film systems. (Bottom line: Mamiya 7 at f/11.)

But it's not clear what his criterion for OK/NG is when stating lp/mm
numbers.

One could, however, argue that they are overly optimistic and correspond to
a uselessly low MTF, since he's shooting a high contrast target and looking
for a barely detectable response. (And the film used has an MTF50 at 100
lp/mm, so he really can see the numbers he reports for the Mamiya 7 lenses.)

The bottom line, of course, is that the Mamiya 645 lenses I tested produce
sharp images on the 5D2 in a very quick and dirty (handheld, f/8, ISO 800)
test, so there really isn't a problem.

FWIW, from looking at diffraction degradation as lenses are stopped down, I
find that as long as your lens projects an image with an MTF of 50% at 2/3
or 3/4 of the Nyquist frequency, you'll be very happy with the images that
pop up on your screen or appear in your prints.

--
David J. Littleboy
Tokyo, Japan


From: stephe_k on
David J. Littleboy wrote:
> "Alfred Molon" <alfred_molon(a)yahoo.com> wrote:
>> In article <hnehls$rio$1(a)news.albasani.net>, stephe_k(a)yahoo.com says...
>>
>>> No problem? First test I pulled up show only REALLY good ones can pull
>>> those types of numbers at optimal settings. Most don't
>>>
>>> http://www.hevanet.com/cperez/MF_testing.html
>>>
>>> Stephanie
>> What MTF do those lp numbers refer to in the test?
>
> That page is one of my favorites, and represents the results of a lot of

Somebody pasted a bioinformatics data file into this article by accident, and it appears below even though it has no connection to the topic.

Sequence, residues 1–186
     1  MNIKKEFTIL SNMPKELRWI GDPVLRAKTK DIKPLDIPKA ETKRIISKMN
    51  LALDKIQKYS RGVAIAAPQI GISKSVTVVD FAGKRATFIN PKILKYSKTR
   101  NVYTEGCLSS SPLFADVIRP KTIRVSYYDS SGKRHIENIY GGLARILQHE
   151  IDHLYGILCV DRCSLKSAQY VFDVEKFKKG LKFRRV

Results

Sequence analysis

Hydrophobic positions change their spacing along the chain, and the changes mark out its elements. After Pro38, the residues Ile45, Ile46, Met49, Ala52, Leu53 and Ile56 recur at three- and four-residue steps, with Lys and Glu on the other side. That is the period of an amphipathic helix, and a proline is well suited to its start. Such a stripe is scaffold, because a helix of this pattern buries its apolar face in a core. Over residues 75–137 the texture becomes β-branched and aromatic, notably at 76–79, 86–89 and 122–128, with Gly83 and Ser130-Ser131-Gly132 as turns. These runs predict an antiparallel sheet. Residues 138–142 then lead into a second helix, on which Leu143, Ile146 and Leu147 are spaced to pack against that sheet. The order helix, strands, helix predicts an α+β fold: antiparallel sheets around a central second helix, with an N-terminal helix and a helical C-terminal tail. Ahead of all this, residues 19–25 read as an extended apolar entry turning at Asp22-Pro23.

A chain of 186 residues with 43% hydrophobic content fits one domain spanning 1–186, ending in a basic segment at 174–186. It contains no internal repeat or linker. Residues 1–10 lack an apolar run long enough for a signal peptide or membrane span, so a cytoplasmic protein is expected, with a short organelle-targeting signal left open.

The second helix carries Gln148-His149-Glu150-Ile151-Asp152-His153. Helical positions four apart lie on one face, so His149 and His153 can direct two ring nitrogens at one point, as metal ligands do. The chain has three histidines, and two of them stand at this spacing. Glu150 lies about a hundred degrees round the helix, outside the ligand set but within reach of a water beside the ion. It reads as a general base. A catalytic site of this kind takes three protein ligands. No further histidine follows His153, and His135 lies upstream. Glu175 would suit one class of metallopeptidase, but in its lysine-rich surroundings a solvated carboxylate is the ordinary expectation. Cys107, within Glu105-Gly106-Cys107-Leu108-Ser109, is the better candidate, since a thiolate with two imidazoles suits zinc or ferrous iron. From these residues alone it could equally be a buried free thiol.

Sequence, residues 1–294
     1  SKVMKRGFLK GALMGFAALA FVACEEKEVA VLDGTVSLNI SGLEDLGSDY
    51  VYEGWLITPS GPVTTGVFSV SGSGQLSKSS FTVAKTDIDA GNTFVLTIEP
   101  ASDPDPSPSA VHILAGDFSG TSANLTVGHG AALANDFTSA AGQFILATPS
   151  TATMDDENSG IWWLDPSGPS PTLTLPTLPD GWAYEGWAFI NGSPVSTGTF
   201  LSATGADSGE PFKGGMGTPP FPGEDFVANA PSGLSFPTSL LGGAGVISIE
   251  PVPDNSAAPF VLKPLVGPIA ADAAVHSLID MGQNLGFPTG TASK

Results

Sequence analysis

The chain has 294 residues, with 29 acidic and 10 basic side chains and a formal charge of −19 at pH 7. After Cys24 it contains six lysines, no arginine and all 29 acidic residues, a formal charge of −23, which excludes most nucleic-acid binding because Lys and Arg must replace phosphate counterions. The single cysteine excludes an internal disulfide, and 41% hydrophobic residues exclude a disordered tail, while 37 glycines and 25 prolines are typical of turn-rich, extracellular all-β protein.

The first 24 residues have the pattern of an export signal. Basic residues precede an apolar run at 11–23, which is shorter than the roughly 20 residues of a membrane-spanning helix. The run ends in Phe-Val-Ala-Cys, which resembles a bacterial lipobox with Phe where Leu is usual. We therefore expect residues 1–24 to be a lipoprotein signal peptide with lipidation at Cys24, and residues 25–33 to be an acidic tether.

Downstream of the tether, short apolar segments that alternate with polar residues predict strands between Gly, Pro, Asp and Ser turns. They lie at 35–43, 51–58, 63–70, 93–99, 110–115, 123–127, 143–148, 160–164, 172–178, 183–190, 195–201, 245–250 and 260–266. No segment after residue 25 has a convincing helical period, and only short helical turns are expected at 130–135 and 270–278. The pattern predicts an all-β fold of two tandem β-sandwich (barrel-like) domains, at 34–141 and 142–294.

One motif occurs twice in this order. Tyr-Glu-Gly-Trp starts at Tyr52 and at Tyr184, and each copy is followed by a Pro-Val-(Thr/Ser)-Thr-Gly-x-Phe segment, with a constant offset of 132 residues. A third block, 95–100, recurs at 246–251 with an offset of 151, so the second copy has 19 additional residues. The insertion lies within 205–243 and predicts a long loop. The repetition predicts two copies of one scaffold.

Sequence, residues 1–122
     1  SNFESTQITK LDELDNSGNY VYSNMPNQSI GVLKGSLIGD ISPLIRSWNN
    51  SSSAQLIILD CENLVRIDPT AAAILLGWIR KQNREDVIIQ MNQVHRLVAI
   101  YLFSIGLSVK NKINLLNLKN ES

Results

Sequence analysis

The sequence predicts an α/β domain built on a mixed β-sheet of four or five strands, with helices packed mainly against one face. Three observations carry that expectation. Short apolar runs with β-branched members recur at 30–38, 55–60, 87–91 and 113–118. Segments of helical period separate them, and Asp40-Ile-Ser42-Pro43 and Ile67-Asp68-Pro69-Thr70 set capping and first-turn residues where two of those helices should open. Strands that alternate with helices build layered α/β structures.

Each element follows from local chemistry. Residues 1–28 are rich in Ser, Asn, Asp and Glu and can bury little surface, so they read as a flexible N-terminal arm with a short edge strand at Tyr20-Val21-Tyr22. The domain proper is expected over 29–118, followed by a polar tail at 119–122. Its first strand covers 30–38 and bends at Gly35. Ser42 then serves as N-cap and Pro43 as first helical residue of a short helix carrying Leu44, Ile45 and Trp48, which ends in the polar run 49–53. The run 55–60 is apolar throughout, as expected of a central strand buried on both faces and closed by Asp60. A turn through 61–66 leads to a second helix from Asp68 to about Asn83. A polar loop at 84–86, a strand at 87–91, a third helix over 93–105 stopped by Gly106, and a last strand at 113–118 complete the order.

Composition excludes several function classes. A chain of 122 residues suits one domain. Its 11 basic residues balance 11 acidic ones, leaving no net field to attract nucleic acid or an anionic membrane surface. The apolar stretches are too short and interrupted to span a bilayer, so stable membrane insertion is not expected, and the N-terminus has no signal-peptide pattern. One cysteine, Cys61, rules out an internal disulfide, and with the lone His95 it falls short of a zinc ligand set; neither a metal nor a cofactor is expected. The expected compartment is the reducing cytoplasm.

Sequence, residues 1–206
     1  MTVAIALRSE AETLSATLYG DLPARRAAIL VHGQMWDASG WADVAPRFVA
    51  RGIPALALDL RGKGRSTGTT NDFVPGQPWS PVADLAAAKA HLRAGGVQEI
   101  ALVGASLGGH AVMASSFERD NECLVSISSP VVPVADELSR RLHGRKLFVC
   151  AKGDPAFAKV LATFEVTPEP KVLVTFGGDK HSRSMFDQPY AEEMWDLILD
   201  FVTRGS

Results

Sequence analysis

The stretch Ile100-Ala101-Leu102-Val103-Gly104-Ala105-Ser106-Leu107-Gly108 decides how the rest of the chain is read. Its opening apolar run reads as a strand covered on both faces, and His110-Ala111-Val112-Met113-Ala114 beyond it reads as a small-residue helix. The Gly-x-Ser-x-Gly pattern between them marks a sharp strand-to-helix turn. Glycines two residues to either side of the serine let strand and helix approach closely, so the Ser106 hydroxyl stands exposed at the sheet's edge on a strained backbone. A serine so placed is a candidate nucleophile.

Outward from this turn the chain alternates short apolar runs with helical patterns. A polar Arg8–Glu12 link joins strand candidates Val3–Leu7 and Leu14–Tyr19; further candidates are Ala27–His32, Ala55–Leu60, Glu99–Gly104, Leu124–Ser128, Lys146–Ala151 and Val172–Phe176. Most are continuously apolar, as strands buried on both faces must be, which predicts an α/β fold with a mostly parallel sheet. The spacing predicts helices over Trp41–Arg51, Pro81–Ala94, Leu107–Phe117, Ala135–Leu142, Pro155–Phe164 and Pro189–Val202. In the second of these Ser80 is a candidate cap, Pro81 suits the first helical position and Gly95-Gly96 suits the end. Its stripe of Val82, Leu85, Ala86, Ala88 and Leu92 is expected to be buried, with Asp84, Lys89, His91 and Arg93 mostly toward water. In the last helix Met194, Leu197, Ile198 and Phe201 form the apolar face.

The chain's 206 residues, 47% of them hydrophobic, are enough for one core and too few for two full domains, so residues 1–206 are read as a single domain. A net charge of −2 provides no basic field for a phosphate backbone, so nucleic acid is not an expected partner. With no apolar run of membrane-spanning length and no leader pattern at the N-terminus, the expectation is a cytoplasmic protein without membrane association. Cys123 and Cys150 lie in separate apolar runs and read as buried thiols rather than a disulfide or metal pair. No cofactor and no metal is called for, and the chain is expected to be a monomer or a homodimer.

> hard, precise, carefully done work. It's incredibly useful for comparing MF
> film systems. (Bottom line: Mamiya 7 at f/11.)
>
> But it's not clear what his criterion for OK/NG is when stating lp/mm
> numbers.
>
> One could, however, argue that they are overly optimistic and correspond to
> a uselessly low MTF, since he's shooting a high contrast target and looking
> for a barely detectable response. (And the film used has an MTF50 at 100
> lp/mm, so he really can see the numbers he reports for the Mamiya 7 lenses.)

So then look at the SLR 55mm lens numbers compared, ~1/2 this resolution.


>
> The bottom line, of course, is that the Mamiya 645 lenses I tested produce
> sharp images on the 5D2 in a very quick and dirty (handheld, f/8, ISO 800)
> test, so there really isn't a problem.
>


So shooting a hand held quick test of the very center of the lens on a
different camera proves this Pentax can resolve enough for this pixel
density to be useful beyond marketing numbers? OK, I'm sure you believe
this :-)

Stephanie
From: David J. Littleboy on

<stephe_k(a)yahoo.com> wrote:

> So shooting a hand held quick test of the very center of the lens on a
> different camera proves this Pentax can resolve enough for this pixel
> density to be useful beyond marketing numbers? OK, I'm sure you believe
> this :-)

It clearly shows that there's no problem producing sharp images with MF
lenses at that pixel density, and that your claims of unsurmountable
problems are silly, unfounded BS. And, yes, showing that resolution over the
center 24x36mm of the frame for non-superwides is fully adequate proof: the
33x44 crop (from 46 x 56) is plenty to avoid any corners problems I've ever
seen in any lens.

--
David J. Littleboy
Tokyo, Japan